So, it's noteworthy that a Nyapanyapa Yunupingu etching was chosen in 2009 when Danie Mellor's magnificent Masonic piece won but didn't make the Collection; that an Allery Sandy canvas was preferred in 2012 to Timothy Cook's 'Kulama' winner; and an Alison Riley work from Amata was bought for the Collection in 2011 while Dickie Minyintiri's fellow-APY work was not. Oh, and a Barbara Moore that hadn't won a prize was bought while her 2014 Best Painting winner wasn't. Price??? I could understand that in the case of Dennis Nona's bronze croc at $100,000 in 2007. But there's a hard-to-understand history with the NATSIAAs where Emily Kngwarreye entered twice and Rover Thomas four times without ever finding the judges' favour or selection for the Collection!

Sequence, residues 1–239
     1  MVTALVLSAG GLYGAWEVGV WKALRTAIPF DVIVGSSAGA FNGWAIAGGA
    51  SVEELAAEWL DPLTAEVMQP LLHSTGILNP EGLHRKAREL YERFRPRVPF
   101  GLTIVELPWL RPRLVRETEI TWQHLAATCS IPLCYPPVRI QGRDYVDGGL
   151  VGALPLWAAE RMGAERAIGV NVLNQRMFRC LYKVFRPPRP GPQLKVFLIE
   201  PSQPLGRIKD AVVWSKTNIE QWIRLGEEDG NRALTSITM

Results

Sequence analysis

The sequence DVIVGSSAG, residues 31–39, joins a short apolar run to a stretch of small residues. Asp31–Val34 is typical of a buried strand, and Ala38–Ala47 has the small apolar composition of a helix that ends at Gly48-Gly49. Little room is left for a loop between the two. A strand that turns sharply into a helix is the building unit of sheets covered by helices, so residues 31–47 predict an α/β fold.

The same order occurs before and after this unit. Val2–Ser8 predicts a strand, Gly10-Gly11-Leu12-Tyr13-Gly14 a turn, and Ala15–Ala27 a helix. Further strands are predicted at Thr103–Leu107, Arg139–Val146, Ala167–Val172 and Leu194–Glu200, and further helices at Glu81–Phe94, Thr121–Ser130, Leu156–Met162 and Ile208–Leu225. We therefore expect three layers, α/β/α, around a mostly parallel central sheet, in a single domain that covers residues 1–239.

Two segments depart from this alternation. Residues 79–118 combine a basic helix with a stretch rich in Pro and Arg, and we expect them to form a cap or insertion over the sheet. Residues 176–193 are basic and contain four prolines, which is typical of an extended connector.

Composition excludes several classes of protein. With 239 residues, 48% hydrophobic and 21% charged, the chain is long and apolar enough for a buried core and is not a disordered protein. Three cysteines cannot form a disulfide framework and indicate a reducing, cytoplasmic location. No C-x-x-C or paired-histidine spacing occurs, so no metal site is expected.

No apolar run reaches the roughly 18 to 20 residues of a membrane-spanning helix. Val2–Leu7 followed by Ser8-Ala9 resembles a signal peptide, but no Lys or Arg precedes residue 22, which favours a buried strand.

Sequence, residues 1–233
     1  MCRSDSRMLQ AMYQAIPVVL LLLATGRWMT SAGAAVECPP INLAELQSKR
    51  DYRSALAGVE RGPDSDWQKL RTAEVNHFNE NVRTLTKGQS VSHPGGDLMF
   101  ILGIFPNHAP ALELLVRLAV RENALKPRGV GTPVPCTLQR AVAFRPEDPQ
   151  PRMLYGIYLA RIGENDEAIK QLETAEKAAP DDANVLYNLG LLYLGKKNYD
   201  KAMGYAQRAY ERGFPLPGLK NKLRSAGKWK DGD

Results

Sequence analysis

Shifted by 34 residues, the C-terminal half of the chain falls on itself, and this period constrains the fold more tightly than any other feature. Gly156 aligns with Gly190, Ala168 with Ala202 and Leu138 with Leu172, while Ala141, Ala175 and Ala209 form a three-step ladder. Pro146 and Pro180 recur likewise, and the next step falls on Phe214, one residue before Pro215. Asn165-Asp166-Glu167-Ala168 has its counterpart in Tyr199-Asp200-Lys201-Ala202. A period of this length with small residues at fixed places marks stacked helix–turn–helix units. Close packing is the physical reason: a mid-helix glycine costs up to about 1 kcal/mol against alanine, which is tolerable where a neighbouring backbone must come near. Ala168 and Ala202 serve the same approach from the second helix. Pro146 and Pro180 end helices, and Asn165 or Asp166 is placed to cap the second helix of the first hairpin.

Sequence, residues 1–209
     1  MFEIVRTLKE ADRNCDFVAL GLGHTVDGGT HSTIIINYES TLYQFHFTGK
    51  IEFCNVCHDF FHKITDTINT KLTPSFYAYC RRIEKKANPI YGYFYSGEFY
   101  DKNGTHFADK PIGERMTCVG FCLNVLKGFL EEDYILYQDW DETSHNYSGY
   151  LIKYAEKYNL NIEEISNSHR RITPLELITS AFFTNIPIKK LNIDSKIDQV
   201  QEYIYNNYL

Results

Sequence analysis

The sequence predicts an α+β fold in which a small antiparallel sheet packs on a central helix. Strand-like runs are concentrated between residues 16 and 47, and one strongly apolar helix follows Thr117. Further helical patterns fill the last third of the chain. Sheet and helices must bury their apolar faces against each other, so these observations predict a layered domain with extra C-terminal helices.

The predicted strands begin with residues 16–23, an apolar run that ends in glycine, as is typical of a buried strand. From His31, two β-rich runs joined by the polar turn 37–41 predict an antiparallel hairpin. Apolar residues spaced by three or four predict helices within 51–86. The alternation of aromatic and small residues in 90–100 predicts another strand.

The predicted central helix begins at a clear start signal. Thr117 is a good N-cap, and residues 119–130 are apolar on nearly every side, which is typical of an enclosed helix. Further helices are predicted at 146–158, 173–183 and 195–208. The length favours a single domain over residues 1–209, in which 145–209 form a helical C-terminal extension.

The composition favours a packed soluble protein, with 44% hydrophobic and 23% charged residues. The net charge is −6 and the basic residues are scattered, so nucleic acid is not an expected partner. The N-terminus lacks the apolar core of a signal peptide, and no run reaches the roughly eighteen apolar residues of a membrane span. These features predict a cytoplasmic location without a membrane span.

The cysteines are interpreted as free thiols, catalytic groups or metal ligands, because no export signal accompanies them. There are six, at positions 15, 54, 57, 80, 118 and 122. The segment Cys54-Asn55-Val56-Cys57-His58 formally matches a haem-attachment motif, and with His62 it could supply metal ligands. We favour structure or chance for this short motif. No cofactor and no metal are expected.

Fortunately, entrants – and potential presences in the Telstra Collection – will this year find a new Curator of Aboriginal Art & Material Culture with some valid experience in the person of Luke Scholes, former Papunya Tula Assistant Manager, Papunya Boards curator at Araluen Gallery and associate on the big NGV Papunya boards show, 'Tjukurrtjanu'.
That Papunya background will stand him in particularly good stead as he builds to the vital task of presenting MAGNT's remarkable early board collection as a show in Darwin in (maybe) May 2017, followed by some touring. It'll be called 'Tjungungutcha – Having come together' – for the painting followed pan-tribal Tingarri ceremonies at Papunya, a rare coming-together of the men corralled there for assimilation. The collection is the legacy of the dynamic Colin Jack-Hinton's unique insight as MAGNT's first Director that the 1970s painting movement in Papunya was of national significance. He accumulated 226 boards when no other institution would touch them. And about 160 were cleared by cultural custodians in the Centre in 2012 to be publicly viewed and explained. This number is now down to 130 for a variety of aesthetic, dating and tribal reasons.